Interactive Runbook

Reading time ~4 minutes

Recently, I’ve been on a search for interactive runbooks. My team has several use-cases for such a tool including:

  • repeatable, runnable procedures
  • a REST book that can be used to query and validate APIs
  • to document complex API integrations

First, a bit about my team. We’re globally-distributed, and maintain a growing number of microservices built mostly using Mulesoft, but with some AWS services, Drupal, and Symfony in the mix. We’ve been transitioning to Mulesoft and API-led strategy from a mostly PHP-based fleet of apps. This means there’s a good deal of PHP knowledge, along with several other languages and technologies (Go, Java, Dataweave, JavaScript, SQL, Python, BASH).

Available Tools

There are a growing number of tools that provide runbook functionality, and there are tradeoffs with each option. Some of the current tools in the runbook category include VS Code Custom Notebooks, Elixir Livebook, Jupyter Notebook, and Emacs org-mode. Below is a table comparing some of the characteristics of each option.

Trait / Tool VS Code Custom Notebooks Elixir Livebook Jupyter Notebook Emacs org-mode
Supported Tech Pluggable Elixir/Erlang Python Polyglot
Format JSON Markdown JSON Org Markup
Human Readable No Yes No Yes
GitHub Readable No Yes Yes Yes
Software VS Code Insiders + Plugin Elixir Livebook Jupyter Notebook Emacs

Criteria Breakdown

The criteria that are most important to my team (not necessarily in this order):

  1. readability as plain text
  2. ease of install and setup
  3. minimal friction to adopt
  4. can execute the technologies we use

Readability as plain text

This means we don’t need to rely on any special technology to use a runbook - we can easily read the runbook and perform the necessary steps to fulfill the requirements of a procedure. Elixir Livebook and Emacs org-mode both meet this criteria.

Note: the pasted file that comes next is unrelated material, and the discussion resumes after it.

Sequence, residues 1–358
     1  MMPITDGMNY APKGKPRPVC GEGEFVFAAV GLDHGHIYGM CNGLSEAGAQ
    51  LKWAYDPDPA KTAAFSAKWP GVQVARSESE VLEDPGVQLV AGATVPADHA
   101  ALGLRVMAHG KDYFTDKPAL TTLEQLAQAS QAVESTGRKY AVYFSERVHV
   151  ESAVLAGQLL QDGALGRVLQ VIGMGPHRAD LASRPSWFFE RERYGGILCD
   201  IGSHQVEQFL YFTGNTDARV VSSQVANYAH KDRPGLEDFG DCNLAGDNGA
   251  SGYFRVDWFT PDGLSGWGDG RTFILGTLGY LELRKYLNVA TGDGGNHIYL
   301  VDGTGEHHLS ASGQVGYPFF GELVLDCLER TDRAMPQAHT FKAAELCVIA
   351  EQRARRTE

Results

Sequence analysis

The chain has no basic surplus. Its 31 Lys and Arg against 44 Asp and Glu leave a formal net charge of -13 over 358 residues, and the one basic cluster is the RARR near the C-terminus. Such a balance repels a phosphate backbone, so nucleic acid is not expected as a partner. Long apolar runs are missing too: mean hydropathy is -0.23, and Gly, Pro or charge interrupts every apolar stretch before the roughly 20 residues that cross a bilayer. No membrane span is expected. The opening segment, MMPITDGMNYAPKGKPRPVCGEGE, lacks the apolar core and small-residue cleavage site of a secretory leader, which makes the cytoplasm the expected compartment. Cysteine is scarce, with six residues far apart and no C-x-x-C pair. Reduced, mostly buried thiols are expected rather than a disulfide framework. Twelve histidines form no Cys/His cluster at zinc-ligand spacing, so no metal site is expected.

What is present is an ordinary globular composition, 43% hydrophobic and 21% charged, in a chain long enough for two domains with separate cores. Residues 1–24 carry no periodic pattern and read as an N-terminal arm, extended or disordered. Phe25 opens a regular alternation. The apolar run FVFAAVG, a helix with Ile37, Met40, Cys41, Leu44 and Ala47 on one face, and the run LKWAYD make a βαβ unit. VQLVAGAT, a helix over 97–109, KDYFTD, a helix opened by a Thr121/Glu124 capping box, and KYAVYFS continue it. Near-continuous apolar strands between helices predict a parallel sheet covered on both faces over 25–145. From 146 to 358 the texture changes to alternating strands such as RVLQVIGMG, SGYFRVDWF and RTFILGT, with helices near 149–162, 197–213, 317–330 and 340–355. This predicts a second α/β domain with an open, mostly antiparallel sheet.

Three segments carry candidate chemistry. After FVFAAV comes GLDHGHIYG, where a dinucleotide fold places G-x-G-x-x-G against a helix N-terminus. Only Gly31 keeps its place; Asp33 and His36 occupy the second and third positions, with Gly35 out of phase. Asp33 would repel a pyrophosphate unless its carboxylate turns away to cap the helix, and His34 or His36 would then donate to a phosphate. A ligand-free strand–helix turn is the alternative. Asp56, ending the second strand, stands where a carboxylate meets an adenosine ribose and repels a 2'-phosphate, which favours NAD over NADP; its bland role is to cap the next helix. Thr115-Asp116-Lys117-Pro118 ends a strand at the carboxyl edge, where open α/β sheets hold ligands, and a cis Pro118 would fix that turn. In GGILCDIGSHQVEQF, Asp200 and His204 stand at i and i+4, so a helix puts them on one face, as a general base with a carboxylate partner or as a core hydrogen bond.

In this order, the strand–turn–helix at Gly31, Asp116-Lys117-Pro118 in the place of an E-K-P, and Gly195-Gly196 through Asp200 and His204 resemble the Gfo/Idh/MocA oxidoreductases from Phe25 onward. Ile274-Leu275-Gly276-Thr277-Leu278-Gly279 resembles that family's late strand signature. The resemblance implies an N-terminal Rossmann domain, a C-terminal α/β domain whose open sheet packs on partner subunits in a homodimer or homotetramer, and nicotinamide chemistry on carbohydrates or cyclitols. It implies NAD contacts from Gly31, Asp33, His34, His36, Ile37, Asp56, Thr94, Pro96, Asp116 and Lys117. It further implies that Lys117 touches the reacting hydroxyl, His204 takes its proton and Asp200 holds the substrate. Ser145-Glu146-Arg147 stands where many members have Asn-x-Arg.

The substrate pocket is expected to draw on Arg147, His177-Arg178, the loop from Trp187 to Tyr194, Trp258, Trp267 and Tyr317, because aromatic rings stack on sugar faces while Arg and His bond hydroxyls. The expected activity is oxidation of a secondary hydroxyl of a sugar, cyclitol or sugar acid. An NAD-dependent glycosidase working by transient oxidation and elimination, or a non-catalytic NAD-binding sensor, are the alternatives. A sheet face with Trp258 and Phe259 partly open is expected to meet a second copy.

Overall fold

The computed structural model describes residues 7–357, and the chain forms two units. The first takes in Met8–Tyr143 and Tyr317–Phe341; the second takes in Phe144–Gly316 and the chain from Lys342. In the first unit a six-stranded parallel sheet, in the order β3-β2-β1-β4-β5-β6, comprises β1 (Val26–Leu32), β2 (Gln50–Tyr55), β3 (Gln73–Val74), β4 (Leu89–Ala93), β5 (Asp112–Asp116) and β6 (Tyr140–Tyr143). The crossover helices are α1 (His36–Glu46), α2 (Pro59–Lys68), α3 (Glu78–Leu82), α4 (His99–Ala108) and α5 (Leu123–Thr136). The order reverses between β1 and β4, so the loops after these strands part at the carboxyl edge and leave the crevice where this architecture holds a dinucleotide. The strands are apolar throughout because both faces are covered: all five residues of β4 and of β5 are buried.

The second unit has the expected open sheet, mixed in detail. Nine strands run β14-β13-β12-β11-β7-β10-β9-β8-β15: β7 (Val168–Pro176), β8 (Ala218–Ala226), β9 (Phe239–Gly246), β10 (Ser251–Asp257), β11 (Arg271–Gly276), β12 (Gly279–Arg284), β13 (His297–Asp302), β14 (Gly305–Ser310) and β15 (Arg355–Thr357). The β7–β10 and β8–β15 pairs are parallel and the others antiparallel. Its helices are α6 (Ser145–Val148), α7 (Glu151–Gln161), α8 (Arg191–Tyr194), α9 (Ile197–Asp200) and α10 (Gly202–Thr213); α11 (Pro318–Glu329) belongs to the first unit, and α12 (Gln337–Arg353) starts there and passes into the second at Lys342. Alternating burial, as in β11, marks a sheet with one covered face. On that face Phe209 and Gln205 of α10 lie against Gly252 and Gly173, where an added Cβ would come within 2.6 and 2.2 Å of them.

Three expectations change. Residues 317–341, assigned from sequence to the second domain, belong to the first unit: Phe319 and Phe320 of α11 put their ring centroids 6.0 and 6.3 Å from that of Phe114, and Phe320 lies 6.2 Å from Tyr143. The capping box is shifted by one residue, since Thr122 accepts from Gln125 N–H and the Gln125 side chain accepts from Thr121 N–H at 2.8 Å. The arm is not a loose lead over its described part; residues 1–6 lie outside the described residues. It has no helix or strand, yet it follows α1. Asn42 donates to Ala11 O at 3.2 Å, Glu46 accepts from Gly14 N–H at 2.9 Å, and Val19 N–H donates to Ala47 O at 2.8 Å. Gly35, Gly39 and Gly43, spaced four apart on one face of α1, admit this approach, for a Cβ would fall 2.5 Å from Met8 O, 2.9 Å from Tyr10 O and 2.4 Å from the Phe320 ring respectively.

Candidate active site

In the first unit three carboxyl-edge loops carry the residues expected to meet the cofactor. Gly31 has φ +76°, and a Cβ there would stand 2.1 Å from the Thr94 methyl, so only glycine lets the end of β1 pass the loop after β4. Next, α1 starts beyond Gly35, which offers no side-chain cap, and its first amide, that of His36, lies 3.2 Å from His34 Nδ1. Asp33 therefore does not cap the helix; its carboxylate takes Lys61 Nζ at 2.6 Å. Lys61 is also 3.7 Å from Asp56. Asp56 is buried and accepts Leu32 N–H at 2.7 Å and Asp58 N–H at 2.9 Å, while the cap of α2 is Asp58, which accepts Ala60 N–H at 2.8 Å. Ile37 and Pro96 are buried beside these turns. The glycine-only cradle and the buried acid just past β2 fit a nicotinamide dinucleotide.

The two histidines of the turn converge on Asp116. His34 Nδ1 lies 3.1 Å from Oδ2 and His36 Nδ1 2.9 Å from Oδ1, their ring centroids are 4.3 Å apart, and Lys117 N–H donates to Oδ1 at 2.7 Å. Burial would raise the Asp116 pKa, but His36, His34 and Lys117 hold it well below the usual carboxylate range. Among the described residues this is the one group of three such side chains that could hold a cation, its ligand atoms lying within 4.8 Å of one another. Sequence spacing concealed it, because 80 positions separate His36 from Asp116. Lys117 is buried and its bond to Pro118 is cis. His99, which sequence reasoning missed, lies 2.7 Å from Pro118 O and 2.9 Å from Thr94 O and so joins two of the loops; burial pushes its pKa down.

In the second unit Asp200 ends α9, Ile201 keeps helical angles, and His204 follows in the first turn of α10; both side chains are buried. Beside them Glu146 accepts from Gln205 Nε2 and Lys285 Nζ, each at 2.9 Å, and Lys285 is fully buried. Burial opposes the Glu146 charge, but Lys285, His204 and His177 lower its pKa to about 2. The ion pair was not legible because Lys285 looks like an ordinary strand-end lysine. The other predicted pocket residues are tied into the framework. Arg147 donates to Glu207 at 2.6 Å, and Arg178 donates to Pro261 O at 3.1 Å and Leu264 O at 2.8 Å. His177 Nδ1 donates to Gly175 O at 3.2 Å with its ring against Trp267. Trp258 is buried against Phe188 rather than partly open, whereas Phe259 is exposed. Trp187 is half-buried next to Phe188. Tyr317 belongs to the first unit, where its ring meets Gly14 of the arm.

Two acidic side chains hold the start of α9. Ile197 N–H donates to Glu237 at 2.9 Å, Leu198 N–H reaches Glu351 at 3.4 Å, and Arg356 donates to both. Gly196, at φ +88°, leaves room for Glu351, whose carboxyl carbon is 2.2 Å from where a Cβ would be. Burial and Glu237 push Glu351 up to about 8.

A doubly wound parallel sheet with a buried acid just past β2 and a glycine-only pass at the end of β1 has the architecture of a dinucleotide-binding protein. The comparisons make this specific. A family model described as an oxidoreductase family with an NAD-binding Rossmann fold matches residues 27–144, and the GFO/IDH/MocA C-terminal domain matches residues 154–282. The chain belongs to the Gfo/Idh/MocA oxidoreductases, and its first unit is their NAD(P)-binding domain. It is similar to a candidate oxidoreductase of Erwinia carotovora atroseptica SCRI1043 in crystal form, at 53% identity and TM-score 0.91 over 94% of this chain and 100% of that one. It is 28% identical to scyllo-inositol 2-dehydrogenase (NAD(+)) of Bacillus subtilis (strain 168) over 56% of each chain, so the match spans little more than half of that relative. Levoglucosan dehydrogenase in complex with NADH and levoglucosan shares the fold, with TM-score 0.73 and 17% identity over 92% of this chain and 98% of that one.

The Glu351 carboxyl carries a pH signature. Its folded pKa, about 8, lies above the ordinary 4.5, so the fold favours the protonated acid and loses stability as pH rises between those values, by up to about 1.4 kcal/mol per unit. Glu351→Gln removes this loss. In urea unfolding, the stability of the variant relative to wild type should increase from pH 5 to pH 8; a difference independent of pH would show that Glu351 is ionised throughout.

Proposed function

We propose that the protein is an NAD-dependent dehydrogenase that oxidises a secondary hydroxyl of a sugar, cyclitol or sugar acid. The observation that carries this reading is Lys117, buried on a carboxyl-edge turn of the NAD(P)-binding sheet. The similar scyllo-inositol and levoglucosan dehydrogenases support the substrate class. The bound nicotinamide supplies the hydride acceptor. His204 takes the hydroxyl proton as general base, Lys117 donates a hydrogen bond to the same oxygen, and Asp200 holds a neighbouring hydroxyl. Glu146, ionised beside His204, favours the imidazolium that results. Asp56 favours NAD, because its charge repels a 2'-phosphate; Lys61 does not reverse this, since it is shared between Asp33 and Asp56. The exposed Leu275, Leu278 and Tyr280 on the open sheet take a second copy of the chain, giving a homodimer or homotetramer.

Ease of install and setup

VS Code Custom Notebooks requires installing the Insiders release (inherent instability), plus a separate plugin for each type of notebook. We would need to develop custom plugins to cover some of our procedures. Custom Notebooks is also heavily reliant on the JavaScript packaging ecosystem, which we are using infrequently these days.

Elixir Livebook requires installing Elixir. We would need to assemble a custom solution for running our automatable tasks.

Jupyter Notebook requires Python and Pip. We would need to assemble a custom solution for running our automatable tasks.

Emacs with org-mode requires installing Emacs.

Minimal friction to adopt

VS Code Custom Notebooks would involve friction around lack of guarantees with stability, the requirement to create custom notebook plugins, and maintaining NPM dependencies.

Elixir Livebook would require learning a new programming language, and creating a custom solution to run our tasks.

Jupyter Notebook would require many team members to learn a new programming language, and we’d need to create a custom solution to run our tasks.

Emacs org-mode would require learning some basic Emacs conventions and maybe a bit of lisp.

Can execute the technologies we use

While any of these options is capable of executing technologies we use, Emacs org-mode is the most capable out of the box. Org-mode is also mature and there is a wide ecosystem of plugins.

Emacs org-mode

Given the current team context, Emacs org-mode seems like a good choice. If we were working more with Python, JavaScript, Elixir, and/or machine learning, one of the other options would rank higher.

Below is an org file that demonstrates a basic runbook implementation with a code block dependency chain.

* Hello World

  This is a hello world notebook.

  To execute any of the code blocks, place the cursor in the block and type CTRL-C CTRL-C.

** Hello World Setup

   The below code block adds shell execution capability to the org babel session (default is emacs-lisp only). This block has been added as a dependency for subsequent code blocks.
   #+NAME: setup
   #+BEGIN_SRC emacs-lisp
    '((shell . t)))

   #+RESULTS: setup

** Hello World Shell

   The below code block prints the current Unix timestamp.
   #+NAME: hello-shell
   #+BEGIN_SRC shell :var preflight=setup
   date +%s

   #+RESULTS: hello-shell
   : 1649002346

** Hello World REST

   The below code block executes a cURL command to convert the current Unix timestamp (from the above code block) to a date-time via a public API (contrived, but useful as a demonstration).

   #+NAME: hello-rest
   #+BEGIN_SRC shell :var shellstamp=hello-shell
     curl "$shellstamp"

   #+RESULTS: hello-rest
   : 2022-04-03 16:16:45

And here’s a link to the same document as a GitHub Gist (note the results sections are not printed but can be viewed in the raw document):